“Can I market in an industry I’ve never worked in?”
“I’ve never done marketing for that kind of company?”
“I don’t have experience in that field, how can I create a marketing plan for them?”
“I know nothing about this field!”
“Don’t I need to have some experience in the industry before I try to make ads for them?”
I’ve heard these types of questions so many times before. Many people, and marketers, think that if you have to have worked in an industry before you can do marketing or advertising for it. That’s absolute horse poop!
Yes, of course experience is often better but it’s not necessary. Having little to no experience in a particular industry can often give marketers the blues. That’s exactly what happened to Cricketmcfly on Reddit’s r/askmarketing.
“I started working for a small general contractor/commercial construction company as a project administrator, which I am good at and like doing. I have very little experience marketing and the small experience I do have was targeted towards skateboarding and all social media based. My new employer has now tasked me with all of our marketing, and my raise to salary depends on me “figuring this out.” I feel lost in trying to get new business for us.
Is there any advice out there for someone in the construction field? I use Google AdWords, and we have a website- but that’s it. What can I be doing differently?”
Personally I look at marketing as a set of lessons, best practices and skills that (if you’re a good marketer) can be applied to any field, product, service of industry.
Seriously, stop thinking about it as you don’t know anything about that field. You don’t need to. Instead go back to basics.
- Identify the target market.
What kind of construction services do you offer?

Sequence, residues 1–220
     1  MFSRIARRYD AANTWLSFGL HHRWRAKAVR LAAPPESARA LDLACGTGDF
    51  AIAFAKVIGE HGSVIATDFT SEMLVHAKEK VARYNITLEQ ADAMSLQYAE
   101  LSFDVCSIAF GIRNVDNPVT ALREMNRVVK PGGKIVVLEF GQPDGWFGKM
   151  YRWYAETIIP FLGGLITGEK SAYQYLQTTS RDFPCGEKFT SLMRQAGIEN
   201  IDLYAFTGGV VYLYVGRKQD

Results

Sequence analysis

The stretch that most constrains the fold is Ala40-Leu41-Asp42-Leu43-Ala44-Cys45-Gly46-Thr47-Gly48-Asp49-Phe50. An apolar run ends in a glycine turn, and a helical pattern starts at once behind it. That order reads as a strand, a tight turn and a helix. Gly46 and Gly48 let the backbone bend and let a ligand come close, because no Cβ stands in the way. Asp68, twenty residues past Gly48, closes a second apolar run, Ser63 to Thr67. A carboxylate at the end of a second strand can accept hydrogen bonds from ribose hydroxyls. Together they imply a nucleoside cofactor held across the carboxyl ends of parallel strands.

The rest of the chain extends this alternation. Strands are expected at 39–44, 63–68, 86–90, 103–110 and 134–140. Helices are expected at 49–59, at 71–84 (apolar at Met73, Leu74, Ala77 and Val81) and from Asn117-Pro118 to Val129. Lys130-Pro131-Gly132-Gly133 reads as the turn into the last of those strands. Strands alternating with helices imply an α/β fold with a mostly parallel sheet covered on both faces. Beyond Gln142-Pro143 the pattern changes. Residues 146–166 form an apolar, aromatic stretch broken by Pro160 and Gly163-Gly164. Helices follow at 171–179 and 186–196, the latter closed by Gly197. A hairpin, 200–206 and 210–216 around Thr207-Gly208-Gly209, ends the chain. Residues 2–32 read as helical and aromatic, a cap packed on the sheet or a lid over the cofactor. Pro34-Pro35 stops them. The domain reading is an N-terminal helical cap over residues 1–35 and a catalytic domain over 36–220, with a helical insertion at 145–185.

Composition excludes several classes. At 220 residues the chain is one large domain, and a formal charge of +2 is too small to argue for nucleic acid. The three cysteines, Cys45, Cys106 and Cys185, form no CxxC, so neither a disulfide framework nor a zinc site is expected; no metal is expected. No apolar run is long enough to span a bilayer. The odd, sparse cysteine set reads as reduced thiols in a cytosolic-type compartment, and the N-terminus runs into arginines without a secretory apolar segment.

Who needs your services?
How old are they?
Do they need to meet certain requirements (home owners, etc)
Income level? Geographic are? Etc.
- Find your placement/distribution:
Where are your potential customers?
You need to be where they’re looking for your services or where they will be thinking about related services.
Example: try talking to real estate companies. Many home buyers intend to do some renovation. (If that’s what you do) Having a trusted referral, like the person you bought the house from, offers a higher chance of ROI. You’d have to give up what? Maybe 10% off the top of a job that you got paid for and made your money on already?
- Value proposition:
Why should they pick you over others?
Once they find you, along with 10 other companies, why should they choose you over them?
I also gave them a few more tips that were a bit more specific to their situation. However the main emphasis her is that no matter what service, product, or industry the basic principles of marketing can be applied to everyone. It’s important not to get caught up in all the complicated techniques, tools, practices and gadgets. Remember that all of these are built off of the fundamentals of marketing.